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Reviewers: Glyn Pursglove, Jonathan Woolf

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Jazz Organists

Four Classic Albums

AVID JAZZ AMSC1306

 

[79:05 + 76:57]

CD1

1.Whap!

2.I Want A Little Girl

3.The Honeydripper

4.Dink's Blues

5.Mr. Lucky

6.Blues And Tonic

Jack McDuff, The Honeydripper

Jimmy Forrest (tenor sax), Jack McDuff (organ),

Grant Green (guitar), Ben Dixon (drums)

Rec. Hackensack (NJ), February 3 1961

7.Swingin’ At Sugar Ray’s

8.Goin’ Down

9.Whatever Lola Wants

10.Face To Face

11.Somethin’ Strange

12.High ’N Low

‘Baby Face’ Willette, Face to Face

Fred Jackson (tenor sax) ‘Baby Face’ Willette (organ)

Grant Green (guitar) Ben Dixon (drums)

Rec. Hackensack (NJ), January 3 1961

CD2

1.Happy Blues (Good Vibrations)

2.Willow Weep For Me

3.Juggin’ Around

4.Groovin’ With Jug

5.Morris the Minor

6.Hey You, What’s That?

Richard ‘Groove Holmes & Gene Ammons, Groovin’ With Jug

Gene Ammons (tenor Sax), Richard Holmes (organ),

Gene Edwards (guitar), Leroy Henderson (drums)

Tracks 1-5 Rec. live The Black Orchid, Los Angeles, August 5 1961

Track 6 Rec. Pacific Jazz Studios, Los Angeles, August 15 1961

7.De Bug

8.Ahm Miz

9.Lujon

10.Althea Soon

11.More Mileage

12.Lion Down

Percy France (tenor sax) Freddie Roach (organ),

Kenny Burrell (guitar), Clarence Johnston (drums)

Rec. Englewood Cliffs (NJ), August 23 1962

Fats Waller made some recordings on the pipe organ in the 1930s and a few later jazz musicians have also recorded on the pipe organ (including Keith Jarrett’s, Hymns /Spheres, recorded in a Benedictine Abbey in Germany, and Dick Hyman’s, Fats Waller’s Heavenly Jive, with Ruby Braff on cornet – not recorded in a Benedictine Abbey! Both, by a strange quirk, were recorded in 1976.

But the pipe organ is not naturally suited to jazz, for technical reasons and also presents problems of portability. The invention and manufacture of the Hammond electric organ, c.1935, made the organ a more common presence in the jazz context, used by, amongst others, Count Basie, Wild Bill Davis, Milt Buckner and Jackie Davis. The electric organ was used even more prominently on the Rhythm and Blues circuit. In the 1950s the Hammond B-3 organ was introduced and it was the example of Jimmy Smith, displaying the new instrument’s possibilities that led to an upsurge in the instrument’s use on the jazz scene. Smith dispensed with a bass player, playing the bass lines himself on the organ’s foot pedals. His first recording, made for Blue Note in 1956, was given the significant title of A New Sound-A New Star. Smith’s example was followed by numerous musicians including, in addition to the four organists heard on this 2 CD set, Don Patterson, Shirley Scott, Lou Bennett, Big John Patton, Jimmy McGriff, Johnny ‘Hammond’ Smith and Charles Earland.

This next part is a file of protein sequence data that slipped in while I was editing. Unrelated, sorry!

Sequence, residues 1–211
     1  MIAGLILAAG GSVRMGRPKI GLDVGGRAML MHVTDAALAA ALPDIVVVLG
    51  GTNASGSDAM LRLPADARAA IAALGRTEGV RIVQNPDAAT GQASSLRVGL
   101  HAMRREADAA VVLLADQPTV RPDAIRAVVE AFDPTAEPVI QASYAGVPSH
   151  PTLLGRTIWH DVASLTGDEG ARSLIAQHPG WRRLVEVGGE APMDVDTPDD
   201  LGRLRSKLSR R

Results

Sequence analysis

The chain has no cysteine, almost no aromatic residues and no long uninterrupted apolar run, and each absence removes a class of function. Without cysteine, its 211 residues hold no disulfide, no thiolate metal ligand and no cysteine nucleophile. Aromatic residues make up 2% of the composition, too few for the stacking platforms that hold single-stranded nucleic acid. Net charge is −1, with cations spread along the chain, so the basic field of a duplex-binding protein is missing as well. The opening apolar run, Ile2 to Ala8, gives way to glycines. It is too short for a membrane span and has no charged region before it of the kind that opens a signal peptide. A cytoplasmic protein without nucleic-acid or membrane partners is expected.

The recordings re-issued here could hardly be called ‘Classic’ albums, if by that term one means recordings central to the history of recorded jazz (like, say, Kind of Blue, The Hot Fives, or Bill Evans’ Sunday at the Village Vanguard), i.e. albums ‘essential’ to any representative collection of jazz. But they are good examples of the fashion for organ- based soul-jazz which Smith initiated, and all four of them remain enjoyable listening (even if some of the most enduring interest resides in the playing of other members of the groups, rather than the organists themselves).

Jack McDuff (most often billed as ‘Brother’ Jack McDuff) could play funky blues as well as most contemporary organists, but could also produce some touches of subtlety and elegance (perhaps rather more than Smith himself). Here his quartet plays three numbers by McDuff (tracks 1, 4 and 6), plus Henry Mancini’s ‘Mr. Lucky’ and, from the early 1930s, ‘I Want A Little Girl’, by Billy Moll and Murray Mencher, an enduring tune recorded by artists as diverse as Louis Armstrong, Nat King Cole and Eric Clapton, along with ‘The Honeydripper’, a 1945 hit for the R & B pianist and vocalist Joe Liggins. McDuff does his job perfectly competently, but I found my ears and mind being predominantly drawn to the playing of Jimmy Forrest, a saxophonist I have always thought to be seriously underrated; he plays impressively on most tracks of this album, rather stealing the show from the leader. Grant Green, in a relatively early recording (he was in his mid-twenties), already stands out in the subtlety of his approach, whether in a whole lot of brief fills or a sophisticated solo such as that on ‘I Want A Little Girl’. Tenor/organ quartets easily became formulaic, but the presence of Forrest and Green stops any tendency for McDuff and Dixon to settle for the merely routine – Forrest’s intense solo on the first track sets the standard for what follows.